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Common Name : Ruddy Mongoose     -       Scientific Name : Herpestes smithii       -       Other Name : Red Mongoose, Ceylon Ruddy Mongoose, Hothambuwa(S), Rath Mugatiya(S)
Panikkar Villu
08/18/2013
Walas Wala
10/13/2013
Walas Wala
10/13/2013
Walas Wala
10/13/2013
Walas Wala
10/13/2013
Walas Wala
10/13/2013
Walas Wala
10/13/2013
Maradanmaduwa
01/20/2012

Two subspecies have been recognized of this versatile species and they are found only in India and Sri Lanka. The subspecies H.s. zeylanius is endemic to Sri Lanka while H. s. smithii is endemic to India. The conservation status of this species is regarded as “Least Concerned” (National Red list 2012) and it is a species protected under the Fauna and Flora Protection Ordinance as amended by Act No. 22 of 2009.

I have always observed the Ruddy Mongoose in forests or well-wooded gardens adjacent to forests.  It is seldom found in open areas or plains. This is a diurnal species and appears to subsist mainly on a carnivorous diet.  The highest altitude at which I have recorded this species is at “Manigala” in the Knuckles forest reserve at 1200 meters. It is very common in the southern dry zone National Parks such as Yala, Kumana, Bundala, Lunugamvehera and Udawalawa. In the wet zone I have seen it at Sinharaja forest reserve, Labugama, Bodinagala, Batadomba Lena in Kuruwita, Meethirigala, Haldummulla and at Beragala at an attitude of 820 meters. I have also seen this species at Galoya, Maduruoya, Wasgomuwa, Randenigala and Minneriya-Giritale National Parks. It is also common in Sigiriya, Dambulla, Koslanda, Wellawaya and in Nilgala. Despite many visits I have never seen it in the Mannar Island.

In Wilpattu this is a species that I have recorded during each of my field visits. They are generally seen in tall forest areas such as the road between Nelum Wila and Panikkar Villu and between Borupan Wila junction and Kumbuk Wila. At Borupan Wila once I observed a Ruddy Mongoose arrive under a Wild Boar ‘kill’ that was ‘treed’ by a Leopard and run in to the forest with a scrap that it found on the ground.

On the 13th October 2013 I was able observe an interesting encounter between a Ruddy Mongoose and a Leopard. Around 3.25pm I was observing a leopard that was sleeping on the bund across the road at Walas Wala. A Ruddy Mongoose walked out of the forest from the right hand corner of the bund but was not able to see the sleeping Leopard in the opposite corner.  It continued to walk in the direction of the sleeping Leopard. I kept on photographing the Mongoose expecting the Leopard to wake up and attack at any moment. Even though the sleeping Leopard could be seen from the vehicles parked on the bund, the Mongoose was not able to see the predator as the bushes growing on the bund covered its view. The inquisitive mammal casually trotted pass the bushes along the bund and arrived a few feet in front of the sleeping Leopard where it suddenly became aware of the predator. Upon seeing the Leopard it froze for a moment with its tail hairs puffed up, turned back in one swift action and bolted at great speed in to the jungle. Fortunately for the mongoose the Leopard slept through the whole episode. This experience reminded me of a paragraph written by W.W.A. Phillips describing the extreme fear Ruddy Mongoose has towards Leopards, on page 190 in his Manual of the Mammals of Ceylon (1935) which I will reproduce below for the benefit of the reader.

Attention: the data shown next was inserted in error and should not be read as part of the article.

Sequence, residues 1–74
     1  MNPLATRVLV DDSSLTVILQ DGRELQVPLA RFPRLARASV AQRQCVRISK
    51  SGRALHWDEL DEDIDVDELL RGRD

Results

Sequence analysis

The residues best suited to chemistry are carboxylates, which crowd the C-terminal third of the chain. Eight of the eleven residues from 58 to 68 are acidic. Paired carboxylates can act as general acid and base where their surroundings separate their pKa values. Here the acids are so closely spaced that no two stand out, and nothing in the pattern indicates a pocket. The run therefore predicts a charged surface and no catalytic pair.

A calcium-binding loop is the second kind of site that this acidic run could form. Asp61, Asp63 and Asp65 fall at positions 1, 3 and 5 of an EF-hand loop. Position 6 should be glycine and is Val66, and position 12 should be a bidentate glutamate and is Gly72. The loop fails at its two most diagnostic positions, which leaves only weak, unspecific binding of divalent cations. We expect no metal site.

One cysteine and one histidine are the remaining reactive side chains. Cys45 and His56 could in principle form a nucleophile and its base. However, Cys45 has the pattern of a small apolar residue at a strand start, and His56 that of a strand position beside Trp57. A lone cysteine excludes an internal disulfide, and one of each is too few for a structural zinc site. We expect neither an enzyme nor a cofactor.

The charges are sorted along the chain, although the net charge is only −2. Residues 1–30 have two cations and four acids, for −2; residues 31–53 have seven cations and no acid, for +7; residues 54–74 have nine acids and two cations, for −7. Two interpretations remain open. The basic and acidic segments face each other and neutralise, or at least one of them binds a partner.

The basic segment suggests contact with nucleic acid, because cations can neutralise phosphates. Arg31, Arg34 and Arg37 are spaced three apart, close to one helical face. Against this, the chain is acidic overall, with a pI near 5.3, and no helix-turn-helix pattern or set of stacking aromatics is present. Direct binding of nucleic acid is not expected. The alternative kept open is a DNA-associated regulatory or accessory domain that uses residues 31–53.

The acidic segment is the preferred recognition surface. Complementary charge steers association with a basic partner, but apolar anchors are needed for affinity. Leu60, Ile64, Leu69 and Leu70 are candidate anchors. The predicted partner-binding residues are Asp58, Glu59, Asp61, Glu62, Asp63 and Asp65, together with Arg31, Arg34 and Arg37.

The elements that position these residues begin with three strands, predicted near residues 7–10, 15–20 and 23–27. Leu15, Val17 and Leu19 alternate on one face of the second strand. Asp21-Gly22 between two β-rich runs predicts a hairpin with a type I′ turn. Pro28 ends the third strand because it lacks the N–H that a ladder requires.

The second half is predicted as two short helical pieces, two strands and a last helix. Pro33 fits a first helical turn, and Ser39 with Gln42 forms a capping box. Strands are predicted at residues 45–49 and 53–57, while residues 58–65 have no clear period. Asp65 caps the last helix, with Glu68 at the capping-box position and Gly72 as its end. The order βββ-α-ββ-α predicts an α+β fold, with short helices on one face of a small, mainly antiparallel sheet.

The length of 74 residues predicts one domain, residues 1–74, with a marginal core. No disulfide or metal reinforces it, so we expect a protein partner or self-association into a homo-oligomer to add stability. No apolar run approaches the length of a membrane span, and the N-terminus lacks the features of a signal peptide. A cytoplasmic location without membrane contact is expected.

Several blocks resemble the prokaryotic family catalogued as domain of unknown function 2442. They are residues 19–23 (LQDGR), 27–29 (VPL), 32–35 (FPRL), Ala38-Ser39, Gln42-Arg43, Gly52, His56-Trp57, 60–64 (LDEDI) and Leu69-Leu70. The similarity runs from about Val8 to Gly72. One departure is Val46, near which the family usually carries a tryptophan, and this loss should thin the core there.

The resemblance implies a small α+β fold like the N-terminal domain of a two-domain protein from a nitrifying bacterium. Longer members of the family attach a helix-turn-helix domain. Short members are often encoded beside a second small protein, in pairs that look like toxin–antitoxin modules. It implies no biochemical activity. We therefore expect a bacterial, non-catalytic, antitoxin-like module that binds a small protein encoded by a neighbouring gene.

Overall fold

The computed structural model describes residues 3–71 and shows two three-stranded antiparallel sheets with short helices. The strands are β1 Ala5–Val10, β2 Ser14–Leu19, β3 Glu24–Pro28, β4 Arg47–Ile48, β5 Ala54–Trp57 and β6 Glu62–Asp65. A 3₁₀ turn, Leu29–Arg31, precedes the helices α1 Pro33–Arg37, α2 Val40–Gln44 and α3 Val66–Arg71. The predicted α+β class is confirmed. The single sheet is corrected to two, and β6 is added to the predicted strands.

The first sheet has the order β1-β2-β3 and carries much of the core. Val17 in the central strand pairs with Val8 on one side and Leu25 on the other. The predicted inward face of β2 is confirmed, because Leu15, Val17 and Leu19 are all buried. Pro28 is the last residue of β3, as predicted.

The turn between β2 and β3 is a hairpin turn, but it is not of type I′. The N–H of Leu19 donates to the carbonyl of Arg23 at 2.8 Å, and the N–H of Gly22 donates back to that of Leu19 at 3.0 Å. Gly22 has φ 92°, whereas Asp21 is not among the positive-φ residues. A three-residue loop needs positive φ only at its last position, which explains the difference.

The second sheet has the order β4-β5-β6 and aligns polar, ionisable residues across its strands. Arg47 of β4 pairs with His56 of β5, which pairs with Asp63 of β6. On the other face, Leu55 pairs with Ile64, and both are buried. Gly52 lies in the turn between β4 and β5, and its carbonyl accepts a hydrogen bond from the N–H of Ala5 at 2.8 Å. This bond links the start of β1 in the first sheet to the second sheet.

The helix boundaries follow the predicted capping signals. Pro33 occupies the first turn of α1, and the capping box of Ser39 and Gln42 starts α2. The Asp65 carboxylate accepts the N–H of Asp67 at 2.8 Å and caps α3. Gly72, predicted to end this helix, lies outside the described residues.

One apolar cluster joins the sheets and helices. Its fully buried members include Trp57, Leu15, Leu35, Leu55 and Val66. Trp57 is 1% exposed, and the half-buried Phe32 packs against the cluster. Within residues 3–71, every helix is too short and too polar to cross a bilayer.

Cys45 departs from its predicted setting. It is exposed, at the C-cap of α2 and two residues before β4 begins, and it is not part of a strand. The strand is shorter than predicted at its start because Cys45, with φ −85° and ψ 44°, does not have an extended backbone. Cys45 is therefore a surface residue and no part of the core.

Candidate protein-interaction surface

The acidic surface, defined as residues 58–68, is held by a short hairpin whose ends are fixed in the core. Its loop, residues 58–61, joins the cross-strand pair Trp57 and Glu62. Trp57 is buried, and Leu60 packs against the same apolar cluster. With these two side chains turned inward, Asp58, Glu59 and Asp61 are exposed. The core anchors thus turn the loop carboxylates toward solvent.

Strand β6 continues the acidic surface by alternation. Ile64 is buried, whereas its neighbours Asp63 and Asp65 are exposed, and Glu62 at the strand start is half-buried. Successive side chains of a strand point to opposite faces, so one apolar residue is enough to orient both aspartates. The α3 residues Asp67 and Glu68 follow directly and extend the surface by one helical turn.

“For the leopard, this mongoose appear to have a wholesome respect. Two watched at a leopard’s kill were obviously very nervous and eventually fled, chattering with fright, on the approach of the leopard. Near another ‘kill’, one was found dead, having evidently been caught and killed by the leopard.”